Days 4 and 5 – Its all about the cage

One of the most important pieces of safety equipment for any racecar is the roll cage. Having seen one car flip in July event, we knew that this one part we we had to take very seriously. The official rules for the race only require a 4 point roll bar and a door bar, but we decided to go all the way and get a full roll cage instead. In fact, one of the reasons we went with the E30 was availability of several bolt-in roll cages for the spec E30 market. After looking around for a bit and contacting several companies, we decided that an Autopower roll cage was the way to go. Their cages are legal for both SCCA and NASA and they are universally regarded as one of the best cage builders in the business. Additionally since they are one of the largest manufacturers of bolt-in cages, we knew that they cage would be well designed and would bolt in with a minimum of fuss.

The next step was actually buy the cage, Autopower does not sell to directly to clients so we had to find a distributor. When I looked up the list I was happy to see that Livermore Performance was one of their distributors. I have been buying brake pads from Monty and Stephen ever since I moved to California, and its always been a pleasure to work with them. When I spoke to them about our Lemons team they were very interested and signed on to become a sponsor. At this point the race was just a month away, and the regular 4 week lead time for a cage would have been too slow, luckily Livermore Performance and Autopower worked some magic and were able to rush us a cage in just 10 days.

Roll cage instructions

Roll cage

The cage arrived as a set of shaped and welded steel tubes which we painted and left to dry overnight. After that we put the car on the lift at Dietch Werks and got to work fitting in the cage. The back section with the actual roll hoop went in fairly smoothly as did the front windshield bars. The door bars did however cause some interesting issues due to the placement and width of the B-pillar post. The roll cage was designed to fit an E30 coupe since that is the car most commonly used in the Spec E30 class. On a 4 door E30 like ours, the b pillar post is about 8 inches further forward than in the coupe which meant that the main cage roll hoop would not line up with the B pillar. Normally this wouldn’t be an issue (you cant use the back door but that not really a concern in a race car), but since the door bars curve outwards from the roll hoop they were hitting the B-pillar and would not fit in place. The solution was to use a sledgehammer and bend the inner sheetmetal of B-pillar about half an inch outwards. This does affect the structural integrity of the pillar, but since we are doing it to put a full roll cage, the car is going to be considerably stronger than stock.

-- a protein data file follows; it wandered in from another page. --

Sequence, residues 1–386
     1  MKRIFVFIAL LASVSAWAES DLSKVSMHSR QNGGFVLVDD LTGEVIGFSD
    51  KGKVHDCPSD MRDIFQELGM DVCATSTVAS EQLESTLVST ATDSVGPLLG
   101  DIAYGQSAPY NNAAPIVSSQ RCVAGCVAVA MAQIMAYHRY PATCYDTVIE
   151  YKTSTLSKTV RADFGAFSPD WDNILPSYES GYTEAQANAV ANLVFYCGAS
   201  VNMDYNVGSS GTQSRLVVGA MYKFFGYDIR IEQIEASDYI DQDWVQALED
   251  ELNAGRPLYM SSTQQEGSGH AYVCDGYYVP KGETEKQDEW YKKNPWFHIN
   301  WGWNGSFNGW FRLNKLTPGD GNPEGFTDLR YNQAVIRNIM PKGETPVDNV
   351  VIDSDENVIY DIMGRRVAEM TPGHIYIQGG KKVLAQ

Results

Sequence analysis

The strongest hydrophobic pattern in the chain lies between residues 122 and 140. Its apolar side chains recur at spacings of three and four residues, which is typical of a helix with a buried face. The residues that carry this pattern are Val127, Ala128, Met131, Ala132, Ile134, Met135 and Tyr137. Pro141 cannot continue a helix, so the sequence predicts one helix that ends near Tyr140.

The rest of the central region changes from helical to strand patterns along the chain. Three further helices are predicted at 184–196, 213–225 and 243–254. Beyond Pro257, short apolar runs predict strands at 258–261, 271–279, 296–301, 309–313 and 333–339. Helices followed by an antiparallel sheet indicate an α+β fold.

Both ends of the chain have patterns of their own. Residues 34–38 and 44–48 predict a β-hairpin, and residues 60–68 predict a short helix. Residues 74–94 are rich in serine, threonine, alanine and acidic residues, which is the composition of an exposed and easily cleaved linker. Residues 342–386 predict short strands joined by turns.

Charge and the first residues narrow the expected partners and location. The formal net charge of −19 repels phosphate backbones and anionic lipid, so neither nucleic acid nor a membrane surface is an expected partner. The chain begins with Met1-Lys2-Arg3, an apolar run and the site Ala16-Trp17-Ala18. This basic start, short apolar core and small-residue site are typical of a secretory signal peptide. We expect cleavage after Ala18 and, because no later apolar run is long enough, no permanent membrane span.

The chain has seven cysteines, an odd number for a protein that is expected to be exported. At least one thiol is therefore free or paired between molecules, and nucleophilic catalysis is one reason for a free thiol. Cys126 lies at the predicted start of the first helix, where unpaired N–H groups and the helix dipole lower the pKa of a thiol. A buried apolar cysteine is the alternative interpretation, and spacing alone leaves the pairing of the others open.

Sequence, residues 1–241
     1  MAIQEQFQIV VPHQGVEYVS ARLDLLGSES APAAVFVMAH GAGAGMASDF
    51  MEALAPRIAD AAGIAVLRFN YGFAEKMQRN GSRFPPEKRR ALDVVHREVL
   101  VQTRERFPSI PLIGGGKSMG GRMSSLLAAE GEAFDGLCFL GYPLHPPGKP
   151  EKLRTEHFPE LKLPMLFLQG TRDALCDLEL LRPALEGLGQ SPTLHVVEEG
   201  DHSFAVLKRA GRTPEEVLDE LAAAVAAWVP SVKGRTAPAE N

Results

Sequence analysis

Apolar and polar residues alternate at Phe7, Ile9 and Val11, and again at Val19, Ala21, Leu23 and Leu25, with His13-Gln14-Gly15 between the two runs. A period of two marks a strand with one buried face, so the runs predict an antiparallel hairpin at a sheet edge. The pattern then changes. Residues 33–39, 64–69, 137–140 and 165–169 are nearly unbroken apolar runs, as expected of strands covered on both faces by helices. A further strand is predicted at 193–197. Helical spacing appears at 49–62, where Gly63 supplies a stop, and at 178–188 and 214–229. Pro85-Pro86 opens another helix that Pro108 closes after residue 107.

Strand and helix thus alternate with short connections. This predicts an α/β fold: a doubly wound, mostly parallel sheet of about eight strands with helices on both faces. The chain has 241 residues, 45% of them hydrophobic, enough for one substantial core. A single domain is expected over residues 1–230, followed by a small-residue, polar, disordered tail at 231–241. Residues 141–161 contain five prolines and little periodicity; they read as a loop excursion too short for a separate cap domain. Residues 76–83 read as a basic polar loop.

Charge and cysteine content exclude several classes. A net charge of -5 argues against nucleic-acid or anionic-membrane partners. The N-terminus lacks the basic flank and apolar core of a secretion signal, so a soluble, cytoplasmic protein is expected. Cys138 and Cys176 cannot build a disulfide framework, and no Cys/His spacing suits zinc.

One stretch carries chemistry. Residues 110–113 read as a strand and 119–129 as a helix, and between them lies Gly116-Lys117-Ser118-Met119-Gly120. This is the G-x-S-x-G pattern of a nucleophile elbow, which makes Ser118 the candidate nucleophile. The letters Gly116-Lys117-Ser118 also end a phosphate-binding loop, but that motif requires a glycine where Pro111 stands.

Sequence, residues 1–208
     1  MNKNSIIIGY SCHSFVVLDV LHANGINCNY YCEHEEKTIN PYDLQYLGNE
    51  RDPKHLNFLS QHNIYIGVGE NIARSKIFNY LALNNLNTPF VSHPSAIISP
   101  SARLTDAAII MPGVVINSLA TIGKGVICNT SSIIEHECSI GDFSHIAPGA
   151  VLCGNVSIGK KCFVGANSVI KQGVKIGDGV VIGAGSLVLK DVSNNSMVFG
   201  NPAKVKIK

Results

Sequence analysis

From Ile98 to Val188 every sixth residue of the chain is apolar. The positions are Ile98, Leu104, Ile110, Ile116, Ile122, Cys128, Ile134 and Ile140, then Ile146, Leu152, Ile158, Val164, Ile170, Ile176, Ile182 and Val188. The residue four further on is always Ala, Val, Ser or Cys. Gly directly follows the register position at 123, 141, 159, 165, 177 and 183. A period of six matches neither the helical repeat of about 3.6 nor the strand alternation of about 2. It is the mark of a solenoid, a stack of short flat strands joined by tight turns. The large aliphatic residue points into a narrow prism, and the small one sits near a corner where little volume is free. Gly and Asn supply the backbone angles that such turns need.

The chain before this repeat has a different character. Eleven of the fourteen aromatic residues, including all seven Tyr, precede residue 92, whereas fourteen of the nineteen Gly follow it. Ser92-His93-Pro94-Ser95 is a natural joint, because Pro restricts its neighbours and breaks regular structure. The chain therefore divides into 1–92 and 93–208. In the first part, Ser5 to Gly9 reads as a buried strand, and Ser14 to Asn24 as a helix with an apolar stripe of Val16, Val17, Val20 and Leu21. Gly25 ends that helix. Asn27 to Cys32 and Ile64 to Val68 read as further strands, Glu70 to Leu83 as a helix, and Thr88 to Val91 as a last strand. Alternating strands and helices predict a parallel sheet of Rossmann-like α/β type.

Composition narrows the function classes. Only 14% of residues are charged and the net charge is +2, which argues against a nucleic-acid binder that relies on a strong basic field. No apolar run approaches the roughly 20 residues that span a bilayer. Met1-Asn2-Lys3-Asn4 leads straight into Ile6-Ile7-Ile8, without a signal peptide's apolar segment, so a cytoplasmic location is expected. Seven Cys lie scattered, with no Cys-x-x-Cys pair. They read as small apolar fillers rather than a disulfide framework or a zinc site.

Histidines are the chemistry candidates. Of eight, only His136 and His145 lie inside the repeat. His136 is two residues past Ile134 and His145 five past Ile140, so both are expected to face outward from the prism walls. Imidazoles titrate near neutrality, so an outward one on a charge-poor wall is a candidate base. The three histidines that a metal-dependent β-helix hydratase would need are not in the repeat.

After - needed to make some space for the door bar

Once the full cage was in place, we drilled holes in the sheet metal and bolted the cage to the car with the included high grade bolts and mounting plates. The final step was to tie the various pieces of the cage using the supplied sleeves which would be bolted across the joints in the cage. This required us to drill a 3/8th inch holes through the sleeve and the cage so we could pass a bolt through. Now this may sound simple but it was actually by far the slowest job. The cage steel is so hard that it takes 10-15 minutes to drill just a single hole and we needed 16 holes in all which meant that it took us a full day just to fit the sleeves. On the plus side though I will feel extremely safe sitting in a car with such a strong cage 🙂

Drilling the roll cage mounts

All in all the cage install was a fairly simple process and needed only the most basic tools. It may add weight to the car but in terms of improved safety and chassis rigidity it is one mod that was well worth time, money and effort. If you ever need a roll cage, I strongly recommend buying the Autopower cage from Livermore Performance.

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